Photo: Uniqlo UMood
The days of an Amazon drone or a self-driving robot from Starship Technologies delivering goods to a buyer’s doorstep are just around the corner. But how quickly the majority of shopping will move online is still up for debate. In fact, a recent report from Intel says that according to accounting firm EY, in the next three years online shopping will only account for 19 percent of transactions, the majority of purchases will still be made in brick and mortar shops.
This means that brick-and-mortar is here to stay, as least in the near term. But as brands close thousands of locations across the country, the retailers of the future are designing a new breed of store. The new generation of digital natives doesn’t want to browse dusty shelves in search of their purchases. The millennial shopper wants a smart store, one that caters to people accustomed to online shopping.
What does that mean for your retail customers? You now need to focus on the shopping experience, adding a dose of IoT and other technology to up the game. “Physical retail spaces need to focus on facilitating experiences that can’t be replicated in an online setting,” said Shepherd Laughlin, a trend forecaster at research group J. Walter Thompson Intelligence in a recent report on Intel.com “Otherwise, the convenience of online shopping will ultimately win out.”
The In-store Active Experience
Rachel Mushahwar, Intel’s general manager for retail, hospitality and consumer packaged goods, notes in the Intel report that “young shoppers want retailers to move from transaction to interaction.”
Some brands have already taken bold steps to attract millennials, such as introducing brainwave-reading devices to match customers to products. One innovator in this area is Japanese clothing store Uniqlo, who used technology originally developed for scientific research to pilot a unique in-store experience for its shoppers. The company built several UMood booths for its Australia stores, where shoppers could step in and see a series of t-shirts. Using artificial intelligence that can measure a reaction to a color or style, the UMood booth helps the buyer pick a shirt based on his or her emotional reaction to the product images.
The UMood technology, developed in collaboration with Melbourne University, uses a dose of neuroscience. The Uniqlo customer in the booth is fitted with a neuro-headset and shown a series of video stimuli, while their neurological responses (including stress, concentration and drowsiness) are analyzed in real time by a custom-built algorithm that identifies their current mood. According to the company, by analyzing the data the UMood booth “is able to recommend the perfect t-shirt” for each customer.
Automated Shopping Kiosks
Uniqlo didn’t stop with AI technology to enhance the shopping experience—it also came up with a 21st century vending machine, the Uniqlo To Go kiosk. Any retail manager knows that the two biggest costs for stores are real estate and labor. If a store can eliminate one and reduce the other, the results can be astounding. Having vending machines instead of—or in addition to—expensive storefronts can save thousands in payroll and move more product. Vending machines can operate 24/7, 365 days a year, making them an in-person rival to the convenience of online shopping.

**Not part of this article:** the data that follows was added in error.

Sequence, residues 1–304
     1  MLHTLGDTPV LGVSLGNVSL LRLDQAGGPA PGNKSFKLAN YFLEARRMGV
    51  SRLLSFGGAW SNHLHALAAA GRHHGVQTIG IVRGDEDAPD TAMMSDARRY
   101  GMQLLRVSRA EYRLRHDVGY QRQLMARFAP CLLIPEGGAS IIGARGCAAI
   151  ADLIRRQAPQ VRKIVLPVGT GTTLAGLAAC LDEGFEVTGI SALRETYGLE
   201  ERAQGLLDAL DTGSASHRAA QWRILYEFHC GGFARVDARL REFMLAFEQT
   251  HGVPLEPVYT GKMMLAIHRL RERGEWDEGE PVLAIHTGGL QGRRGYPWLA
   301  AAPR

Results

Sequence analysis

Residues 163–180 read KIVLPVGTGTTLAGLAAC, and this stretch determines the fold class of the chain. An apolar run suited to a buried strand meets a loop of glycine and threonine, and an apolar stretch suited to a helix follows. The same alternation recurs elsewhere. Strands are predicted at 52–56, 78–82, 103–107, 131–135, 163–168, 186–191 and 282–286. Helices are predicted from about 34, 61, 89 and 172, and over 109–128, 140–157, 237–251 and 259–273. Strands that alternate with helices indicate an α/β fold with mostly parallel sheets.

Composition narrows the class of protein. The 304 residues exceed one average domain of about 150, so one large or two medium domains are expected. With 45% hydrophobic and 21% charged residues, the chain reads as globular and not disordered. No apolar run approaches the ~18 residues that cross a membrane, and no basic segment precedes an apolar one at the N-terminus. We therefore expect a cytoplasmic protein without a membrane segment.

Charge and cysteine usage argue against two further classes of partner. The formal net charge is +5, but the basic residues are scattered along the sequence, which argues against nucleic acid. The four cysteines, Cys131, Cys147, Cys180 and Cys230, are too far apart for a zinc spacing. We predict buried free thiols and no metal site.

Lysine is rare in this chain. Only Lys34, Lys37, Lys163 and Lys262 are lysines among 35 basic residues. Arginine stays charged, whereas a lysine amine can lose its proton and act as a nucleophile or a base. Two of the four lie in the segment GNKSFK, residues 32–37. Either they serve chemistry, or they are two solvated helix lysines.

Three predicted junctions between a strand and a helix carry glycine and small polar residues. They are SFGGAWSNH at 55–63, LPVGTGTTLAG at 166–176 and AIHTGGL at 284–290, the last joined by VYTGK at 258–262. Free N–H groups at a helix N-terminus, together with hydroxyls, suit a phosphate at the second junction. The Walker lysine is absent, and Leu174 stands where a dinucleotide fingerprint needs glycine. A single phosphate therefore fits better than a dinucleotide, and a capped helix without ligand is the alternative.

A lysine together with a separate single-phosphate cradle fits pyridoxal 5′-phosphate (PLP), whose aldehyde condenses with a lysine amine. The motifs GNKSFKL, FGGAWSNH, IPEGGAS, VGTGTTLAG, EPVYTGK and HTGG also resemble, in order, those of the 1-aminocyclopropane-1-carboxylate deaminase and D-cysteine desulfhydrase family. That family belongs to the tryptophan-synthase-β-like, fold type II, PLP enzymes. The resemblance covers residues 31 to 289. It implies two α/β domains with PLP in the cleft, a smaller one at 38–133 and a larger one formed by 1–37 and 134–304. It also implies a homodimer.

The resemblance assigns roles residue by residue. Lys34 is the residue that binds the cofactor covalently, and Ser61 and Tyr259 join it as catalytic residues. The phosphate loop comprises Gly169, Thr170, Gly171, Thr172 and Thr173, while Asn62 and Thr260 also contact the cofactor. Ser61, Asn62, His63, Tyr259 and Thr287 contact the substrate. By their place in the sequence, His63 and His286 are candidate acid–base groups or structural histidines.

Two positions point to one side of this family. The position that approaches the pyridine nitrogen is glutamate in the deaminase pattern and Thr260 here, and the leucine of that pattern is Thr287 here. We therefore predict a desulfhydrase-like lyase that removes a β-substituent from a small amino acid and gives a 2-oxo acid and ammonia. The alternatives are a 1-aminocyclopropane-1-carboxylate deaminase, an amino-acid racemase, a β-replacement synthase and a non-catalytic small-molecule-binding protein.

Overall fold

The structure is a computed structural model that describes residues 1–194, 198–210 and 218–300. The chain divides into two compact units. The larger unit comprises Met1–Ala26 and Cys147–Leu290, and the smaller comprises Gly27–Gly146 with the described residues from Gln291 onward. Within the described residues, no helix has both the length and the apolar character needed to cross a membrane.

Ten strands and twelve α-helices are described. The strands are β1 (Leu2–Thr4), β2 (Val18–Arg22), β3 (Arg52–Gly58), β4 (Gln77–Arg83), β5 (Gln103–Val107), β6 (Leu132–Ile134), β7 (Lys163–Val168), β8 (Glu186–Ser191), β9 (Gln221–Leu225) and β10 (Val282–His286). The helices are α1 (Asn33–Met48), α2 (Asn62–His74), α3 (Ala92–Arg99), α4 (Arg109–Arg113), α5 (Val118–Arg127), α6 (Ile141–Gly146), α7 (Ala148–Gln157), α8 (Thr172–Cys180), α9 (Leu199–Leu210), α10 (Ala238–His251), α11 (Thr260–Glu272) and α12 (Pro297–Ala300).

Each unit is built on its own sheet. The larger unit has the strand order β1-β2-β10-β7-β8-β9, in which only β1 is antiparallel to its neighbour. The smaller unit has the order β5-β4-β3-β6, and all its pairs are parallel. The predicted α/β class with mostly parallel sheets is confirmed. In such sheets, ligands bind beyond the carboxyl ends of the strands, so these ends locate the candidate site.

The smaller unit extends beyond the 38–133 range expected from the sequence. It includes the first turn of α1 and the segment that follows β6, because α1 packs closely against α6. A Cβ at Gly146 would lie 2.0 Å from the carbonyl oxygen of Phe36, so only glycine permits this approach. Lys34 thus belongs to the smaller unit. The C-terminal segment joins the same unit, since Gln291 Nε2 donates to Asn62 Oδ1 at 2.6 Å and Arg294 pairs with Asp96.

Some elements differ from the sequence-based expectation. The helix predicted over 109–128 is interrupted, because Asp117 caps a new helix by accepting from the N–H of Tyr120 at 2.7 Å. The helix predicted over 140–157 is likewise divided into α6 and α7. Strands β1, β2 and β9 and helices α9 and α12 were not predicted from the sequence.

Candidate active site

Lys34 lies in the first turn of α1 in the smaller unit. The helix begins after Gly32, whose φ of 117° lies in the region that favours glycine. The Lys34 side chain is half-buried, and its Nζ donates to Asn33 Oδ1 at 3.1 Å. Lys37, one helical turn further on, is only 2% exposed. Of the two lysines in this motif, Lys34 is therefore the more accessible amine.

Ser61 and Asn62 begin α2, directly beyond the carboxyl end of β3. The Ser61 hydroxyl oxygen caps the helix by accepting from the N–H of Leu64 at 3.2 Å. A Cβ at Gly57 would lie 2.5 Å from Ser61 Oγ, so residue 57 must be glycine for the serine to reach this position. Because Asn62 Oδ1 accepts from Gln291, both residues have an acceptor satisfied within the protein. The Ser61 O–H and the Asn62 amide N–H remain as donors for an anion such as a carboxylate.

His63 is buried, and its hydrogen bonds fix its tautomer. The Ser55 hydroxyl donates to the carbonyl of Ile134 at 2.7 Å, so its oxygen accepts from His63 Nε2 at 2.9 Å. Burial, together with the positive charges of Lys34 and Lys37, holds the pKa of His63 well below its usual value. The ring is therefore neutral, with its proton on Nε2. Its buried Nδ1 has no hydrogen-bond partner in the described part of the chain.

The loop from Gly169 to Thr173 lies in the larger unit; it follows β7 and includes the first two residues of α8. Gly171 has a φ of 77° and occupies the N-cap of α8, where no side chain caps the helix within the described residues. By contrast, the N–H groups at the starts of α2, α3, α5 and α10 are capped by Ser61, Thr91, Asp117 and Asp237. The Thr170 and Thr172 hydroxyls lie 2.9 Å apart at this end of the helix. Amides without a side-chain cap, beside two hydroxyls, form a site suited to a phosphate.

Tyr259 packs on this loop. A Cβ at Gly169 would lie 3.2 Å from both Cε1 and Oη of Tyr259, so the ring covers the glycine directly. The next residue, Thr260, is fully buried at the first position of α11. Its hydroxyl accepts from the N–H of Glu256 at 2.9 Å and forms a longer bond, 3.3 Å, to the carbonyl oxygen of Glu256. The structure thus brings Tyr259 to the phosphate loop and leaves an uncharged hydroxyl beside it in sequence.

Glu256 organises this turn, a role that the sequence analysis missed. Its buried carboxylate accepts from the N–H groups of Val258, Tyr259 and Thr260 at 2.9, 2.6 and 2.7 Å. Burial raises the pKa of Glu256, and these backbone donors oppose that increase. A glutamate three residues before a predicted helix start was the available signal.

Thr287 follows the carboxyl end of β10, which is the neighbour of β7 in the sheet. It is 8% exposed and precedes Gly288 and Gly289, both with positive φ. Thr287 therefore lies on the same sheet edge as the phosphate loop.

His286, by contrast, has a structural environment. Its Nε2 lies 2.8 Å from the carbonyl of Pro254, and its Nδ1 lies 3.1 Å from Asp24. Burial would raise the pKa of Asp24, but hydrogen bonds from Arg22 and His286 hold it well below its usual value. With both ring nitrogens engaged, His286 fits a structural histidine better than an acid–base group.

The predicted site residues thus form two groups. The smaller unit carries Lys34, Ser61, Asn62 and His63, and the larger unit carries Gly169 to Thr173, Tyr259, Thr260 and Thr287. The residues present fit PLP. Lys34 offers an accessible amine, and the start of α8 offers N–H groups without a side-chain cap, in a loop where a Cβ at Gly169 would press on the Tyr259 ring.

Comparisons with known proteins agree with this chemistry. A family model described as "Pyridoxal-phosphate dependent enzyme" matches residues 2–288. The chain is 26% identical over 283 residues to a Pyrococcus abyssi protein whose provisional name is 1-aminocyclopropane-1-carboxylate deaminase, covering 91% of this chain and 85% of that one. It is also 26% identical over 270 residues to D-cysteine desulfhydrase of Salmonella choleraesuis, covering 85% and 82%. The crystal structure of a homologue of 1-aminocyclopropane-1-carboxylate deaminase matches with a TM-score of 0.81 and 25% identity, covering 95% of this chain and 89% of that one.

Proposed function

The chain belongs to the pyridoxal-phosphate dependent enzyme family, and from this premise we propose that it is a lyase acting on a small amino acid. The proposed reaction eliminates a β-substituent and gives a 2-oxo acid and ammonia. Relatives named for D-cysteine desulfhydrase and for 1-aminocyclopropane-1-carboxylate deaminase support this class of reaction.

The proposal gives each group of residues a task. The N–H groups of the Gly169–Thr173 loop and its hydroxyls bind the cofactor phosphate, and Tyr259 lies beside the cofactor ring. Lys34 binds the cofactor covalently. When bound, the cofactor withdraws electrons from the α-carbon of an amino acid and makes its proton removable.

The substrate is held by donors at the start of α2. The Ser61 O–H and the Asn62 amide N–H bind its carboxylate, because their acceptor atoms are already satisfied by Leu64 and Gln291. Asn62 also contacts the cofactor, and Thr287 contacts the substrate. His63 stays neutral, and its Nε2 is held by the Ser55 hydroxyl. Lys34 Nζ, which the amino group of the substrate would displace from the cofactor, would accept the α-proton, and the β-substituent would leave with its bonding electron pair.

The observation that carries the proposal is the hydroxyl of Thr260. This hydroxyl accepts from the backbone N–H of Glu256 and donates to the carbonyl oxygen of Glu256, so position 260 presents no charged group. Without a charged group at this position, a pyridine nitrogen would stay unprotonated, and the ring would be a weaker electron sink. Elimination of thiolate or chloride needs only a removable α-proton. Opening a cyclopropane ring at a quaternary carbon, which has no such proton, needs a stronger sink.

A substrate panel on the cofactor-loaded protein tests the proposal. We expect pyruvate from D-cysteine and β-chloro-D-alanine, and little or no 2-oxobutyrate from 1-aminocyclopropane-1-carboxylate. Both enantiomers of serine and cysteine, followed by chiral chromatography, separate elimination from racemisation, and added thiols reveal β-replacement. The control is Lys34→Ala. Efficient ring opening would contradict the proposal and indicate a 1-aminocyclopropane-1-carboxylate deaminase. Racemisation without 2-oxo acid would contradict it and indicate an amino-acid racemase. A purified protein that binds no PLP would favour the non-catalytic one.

Photo: Uniqlo To Go
Uniqlo intends to have 10 technology-enabled kiosks selling clothes in operation in airports and shopping malls in Oakland, New York, Houston and several major U.S. cities by the end of September. The six-feet-tall machines will be covered in the company’s logo and will sell staple items, including Uniqlo’s popular heat-retaining shirts and lightweight down jackets. The items will be packaged in boxes and cans, and the buyer can return them in a store or via the mail. The first Uniqlo To Go machine went live at the Oakland International Airport in early August.
Uniqlo isn’t alone in the kiosk concepts. Electronics retailer Best Buy now operates more than 200 Express™ Kiosks around the US, where it sells various electronic gadgets and accessories.
A Planet of Pizza Portals
As shoppers get comfortable snapping up goods from automated kiosks, several food retailers are taking a page from the retail playbook. Little Caesars is experimenting with “pizza portals” in its stores. Customers order and pay using a mobile app, which sends an alert to the user’s smartphone when the order is ready. At the shop, the customer punches in an order code to retrieve her order from an individual compartment in a pizza-warming oven.
Photo: Little Caesars
Panera has a similar system, where customers place orders in the app or at an in-store kiosk and then scoop up a bag with their name on it from a designated shelf.
Independent software developers are also pitching in new ideas for in-store retail transformation. One such company, Palo Alto, CA-based Curbside, has a service that allows shoppers to select items online or through a mobile app and pick them up at a retail location in less than an hour. Its partners include Boston Market, CVS Pharmacy, Levi’s, Pizza Hut and Sephora.
Creating Smart Stores
To learn more about the latest in-store IoT retail technology, read the Intel report, “Digital Natives Demand Smart Stores.”